Earlier this week CNN posted a story of a surveillance video showing a 49-year-old man being run over and killed by a group of white teenagers in Jackson, Mississippi, for simply being black.
While the video of the attack on James Craig Anderson shocked many across the country, experts say this is only one incident in a long string of racialized hate crimes that have seemingly increased since Barack Obama was elected as the first black president–despite recent studies showing the contrary.
Reports say that Anderson, an auto plant worker, was assaulted by a group of white teenagers in the early morning of June 26. The group of eight, led by 18-year-old Deryl Dedmon Jr., drove 16 miles to a black neighborhood to “fuck with some niggers,” after a night of partying and drinking.
Dedmon along with John Aaron Rice, and six others, pulled over and attacked the first black man they saw-Anderson-in the parking lot of a motel. Witnesses say that during the beating, several racial epithets could be heard, including, “White Power!”
As evidenced by the video, part of the group then got back into a truck, driven by Dedmon, and drove over the injured man, killing him instantaneously.
Testimony by teenagers in the car said Dedmon was not remorseful about the slaying, bragging, “I ran that nigger over.”
Two of the teens, Dedmon and Rice have been charged with murder and assault, respectively. They’re both awaiting trial.
Though some are quick to write off the incident as another Southern race crime, Derrick Johnson, director of the Mississippi branch of the NAACP, says that the problem is not just confined to Mississippi.
“Jackson, Mississippi, is no different than the rest of America. We’ve seen a rise in the decorum and the dialogue of individuals since 2008. There’s been a lot of racially charged dialogue across the state just as there has been [racially charged dialogue] across the country. The Tea Party, the demonization of the President and general fear that people have, has caused an increase in the number of what appears to be racially motivated incidents,” he said.
Johnson says the reported racial incidents have run the gamut from harassment, to employment discrimination to an alleged hanging in Greenwood.
Statistics on hate crimes don’t exactly back this idea up. Hate crime statistics compiled by the FBI from 2009, the most recent year on record, show that the number of hate crimes actually has gone down in recent years. However, race related crimes, particularly anti-black crimes, still make up the majority of incidents reported.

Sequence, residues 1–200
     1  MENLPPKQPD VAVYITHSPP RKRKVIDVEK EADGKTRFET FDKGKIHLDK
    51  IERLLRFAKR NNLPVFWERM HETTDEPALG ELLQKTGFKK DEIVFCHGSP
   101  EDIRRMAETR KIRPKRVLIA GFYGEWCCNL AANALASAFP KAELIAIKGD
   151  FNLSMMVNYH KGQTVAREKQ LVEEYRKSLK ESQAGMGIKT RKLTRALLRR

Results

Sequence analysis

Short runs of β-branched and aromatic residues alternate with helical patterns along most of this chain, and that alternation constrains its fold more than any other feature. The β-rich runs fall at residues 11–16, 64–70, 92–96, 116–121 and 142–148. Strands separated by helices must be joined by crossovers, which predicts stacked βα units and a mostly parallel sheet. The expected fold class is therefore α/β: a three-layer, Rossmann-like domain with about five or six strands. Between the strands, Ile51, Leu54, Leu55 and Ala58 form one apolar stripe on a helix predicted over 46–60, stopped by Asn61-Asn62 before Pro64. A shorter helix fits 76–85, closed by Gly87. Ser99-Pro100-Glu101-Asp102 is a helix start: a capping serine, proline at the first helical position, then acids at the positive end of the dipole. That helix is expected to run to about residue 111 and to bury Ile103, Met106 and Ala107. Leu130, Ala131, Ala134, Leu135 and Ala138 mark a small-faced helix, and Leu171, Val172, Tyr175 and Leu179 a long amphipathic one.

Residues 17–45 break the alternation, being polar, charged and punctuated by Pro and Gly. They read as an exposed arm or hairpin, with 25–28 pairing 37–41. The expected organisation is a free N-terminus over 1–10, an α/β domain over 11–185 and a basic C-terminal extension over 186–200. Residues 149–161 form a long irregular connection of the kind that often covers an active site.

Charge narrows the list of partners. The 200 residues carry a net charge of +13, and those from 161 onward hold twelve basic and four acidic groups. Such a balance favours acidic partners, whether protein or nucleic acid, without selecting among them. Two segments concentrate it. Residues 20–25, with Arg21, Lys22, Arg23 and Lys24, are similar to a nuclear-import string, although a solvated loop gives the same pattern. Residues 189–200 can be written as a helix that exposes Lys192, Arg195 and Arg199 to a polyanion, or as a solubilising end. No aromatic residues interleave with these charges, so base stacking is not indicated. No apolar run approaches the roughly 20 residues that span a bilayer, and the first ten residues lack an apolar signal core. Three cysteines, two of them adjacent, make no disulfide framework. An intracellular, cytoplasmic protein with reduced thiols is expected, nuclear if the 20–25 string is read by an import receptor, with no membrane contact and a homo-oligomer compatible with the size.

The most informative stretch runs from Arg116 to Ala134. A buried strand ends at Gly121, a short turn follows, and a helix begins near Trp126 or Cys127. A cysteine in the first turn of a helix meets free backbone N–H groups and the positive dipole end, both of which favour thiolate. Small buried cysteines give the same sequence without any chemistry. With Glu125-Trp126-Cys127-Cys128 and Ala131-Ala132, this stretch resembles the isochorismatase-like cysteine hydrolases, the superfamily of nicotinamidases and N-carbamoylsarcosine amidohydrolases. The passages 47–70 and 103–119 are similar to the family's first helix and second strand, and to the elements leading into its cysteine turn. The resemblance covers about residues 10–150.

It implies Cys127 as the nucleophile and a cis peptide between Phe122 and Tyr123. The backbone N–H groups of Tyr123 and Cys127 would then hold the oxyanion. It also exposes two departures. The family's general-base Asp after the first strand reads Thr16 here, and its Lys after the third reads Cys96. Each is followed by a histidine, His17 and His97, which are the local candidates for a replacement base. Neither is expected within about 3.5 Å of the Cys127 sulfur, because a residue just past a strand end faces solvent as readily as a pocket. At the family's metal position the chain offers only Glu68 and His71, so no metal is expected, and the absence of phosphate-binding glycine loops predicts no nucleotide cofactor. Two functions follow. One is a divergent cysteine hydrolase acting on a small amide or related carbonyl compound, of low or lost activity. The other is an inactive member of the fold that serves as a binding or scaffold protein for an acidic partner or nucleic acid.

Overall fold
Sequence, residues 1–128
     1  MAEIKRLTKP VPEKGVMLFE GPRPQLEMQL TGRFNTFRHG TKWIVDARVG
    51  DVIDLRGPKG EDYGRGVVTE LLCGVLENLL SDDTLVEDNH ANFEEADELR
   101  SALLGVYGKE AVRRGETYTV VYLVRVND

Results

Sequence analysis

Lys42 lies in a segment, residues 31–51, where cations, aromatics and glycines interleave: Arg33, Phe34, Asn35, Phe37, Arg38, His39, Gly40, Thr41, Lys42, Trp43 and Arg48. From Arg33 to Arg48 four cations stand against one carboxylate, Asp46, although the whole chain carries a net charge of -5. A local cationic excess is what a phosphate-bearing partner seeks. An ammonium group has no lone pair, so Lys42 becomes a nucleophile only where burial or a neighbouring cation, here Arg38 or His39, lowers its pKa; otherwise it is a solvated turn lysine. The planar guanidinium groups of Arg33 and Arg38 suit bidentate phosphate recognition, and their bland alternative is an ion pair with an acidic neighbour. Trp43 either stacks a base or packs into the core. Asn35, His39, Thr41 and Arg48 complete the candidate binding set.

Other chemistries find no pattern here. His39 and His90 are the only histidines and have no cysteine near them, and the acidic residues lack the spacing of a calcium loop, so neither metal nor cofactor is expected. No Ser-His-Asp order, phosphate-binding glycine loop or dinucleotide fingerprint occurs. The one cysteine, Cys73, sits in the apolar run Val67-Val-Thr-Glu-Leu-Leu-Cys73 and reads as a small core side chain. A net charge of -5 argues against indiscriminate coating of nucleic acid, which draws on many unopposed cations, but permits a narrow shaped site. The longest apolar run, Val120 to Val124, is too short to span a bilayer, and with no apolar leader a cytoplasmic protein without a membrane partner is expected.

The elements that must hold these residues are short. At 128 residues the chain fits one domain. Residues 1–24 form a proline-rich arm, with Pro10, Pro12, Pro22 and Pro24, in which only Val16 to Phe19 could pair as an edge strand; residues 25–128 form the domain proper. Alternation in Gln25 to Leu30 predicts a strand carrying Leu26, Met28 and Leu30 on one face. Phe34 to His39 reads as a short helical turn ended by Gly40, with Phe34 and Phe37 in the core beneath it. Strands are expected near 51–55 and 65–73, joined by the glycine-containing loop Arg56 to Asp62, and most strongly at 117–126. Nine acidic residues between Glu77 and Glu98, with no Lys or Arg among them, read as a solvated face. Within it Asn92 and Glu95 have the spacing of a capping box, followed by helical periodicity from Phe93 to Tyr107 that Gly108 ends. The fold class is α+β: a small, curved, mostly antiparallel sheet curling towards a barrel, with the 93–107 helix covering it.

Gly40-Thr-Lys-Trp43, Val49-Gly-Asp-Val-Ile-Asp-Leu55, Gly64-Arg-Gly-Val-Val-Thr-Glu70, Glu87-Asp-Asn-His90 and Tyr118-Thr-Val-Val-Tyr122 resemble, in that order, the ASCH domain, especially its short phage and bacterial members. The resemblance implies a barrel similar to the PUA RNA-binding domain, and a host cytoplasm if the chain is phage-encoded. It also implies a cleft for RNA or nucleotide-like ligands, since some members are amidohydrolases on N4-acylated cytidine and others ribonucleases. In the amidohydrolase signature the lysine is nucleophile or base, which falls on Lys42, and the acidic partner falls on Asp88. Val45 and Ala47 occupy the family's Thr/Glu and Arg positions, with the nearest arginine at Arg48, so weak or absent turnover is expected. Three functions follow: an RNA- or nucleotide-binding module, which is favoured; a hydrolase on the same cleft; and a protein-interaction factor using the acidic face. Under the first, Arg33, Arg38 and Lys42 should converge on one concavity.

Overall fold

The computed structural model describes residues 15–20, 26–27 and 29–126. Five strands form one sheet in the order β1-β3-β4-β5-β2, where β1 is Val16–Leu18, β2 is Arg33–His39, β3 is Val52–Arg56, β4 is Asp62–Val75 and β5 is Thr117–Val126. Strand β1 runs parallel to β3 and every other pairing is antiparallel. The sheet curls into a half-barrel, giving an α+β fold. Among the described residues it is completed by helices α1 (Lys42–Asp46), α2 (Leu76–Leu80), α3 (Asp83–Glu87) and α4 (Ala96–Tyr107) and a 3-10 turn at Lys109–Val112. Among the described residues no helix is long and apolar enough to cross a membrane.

Mark Potok, Director of the Intelligence Project at the Southern Poverty Law Center says statistics on hate crimes are notoriously unreliable, with underreporting, no reporting, or mischaracterization of crimes, being major problems. He believes that the number of hate crimes is vastly higher than the 6,604 incidents that the FBI reported in 2009, and believes the number of crimes for the same year is closer to the 148,400 that the Department of Justice cites, using a differently methodology.
“There is no really valid way of saying hate crimes are going up or going down. What the statistics tell you are not whether hate crimes are going up or going down, but that there is a very real and very significant problem out there,” he said.
Deborah M. Lauter, Director of Civil Rights at the Anti-Defamation League agrees that the focus should be less about the numbers and more about the acts.
“Every single one of these is shocking. Every single hate crime. The impact on the victim–it goes to the very core of their identity, and it’s just heart breaking. Hate crimes are serious, so even when we say the numbers are low, it’s kind of relative. If the statistics come out and they’re 7,000, 8,000 [incidents] a year, you’re talking one every hour, every day that an individual community is dealing with.”
Members of these civil rights groups all agree that it is the cataclysmic collision of events that have caused such a tense racial climate, starting with the election of Obama, the economic recession, and the debate over immigration reform.
Potok said a recent number of events, some of which covered by the mainstream media and others overlooked, provide enough anecdotal evidence that we’re “living through a period of some very real racial divisions.” He said cases like the Jena 6 in Louisiana, the MLK parade bomb plot in Seattle, and the neo-nazi vigilante in Arizona all prove that racial hate is alive, well and doesn’t appear to be stopping anytime soon.
“For a fairly significant number of whites in this country, there is the feeling that the country they imagined their Christian white forefathers built is somehow being taken away from them,” said Potok.
Lauter says these type of feelings are sure to explode as we enter a contentious election season, debt ceiling talks resume, and Wall Street struggles to find stability.
“It’s going to be a difficult 2012 season. When I turn on the TV and hear our legislators screaming at each other, the breakdown in civility does give us great cause for concern. I think there’s just lot of angst below and on top of the surface and while most people wont act out there are those who will. The worst case is going to be those who take the rhetoric and turn it into some kind violent reaction, so we’re nervous.”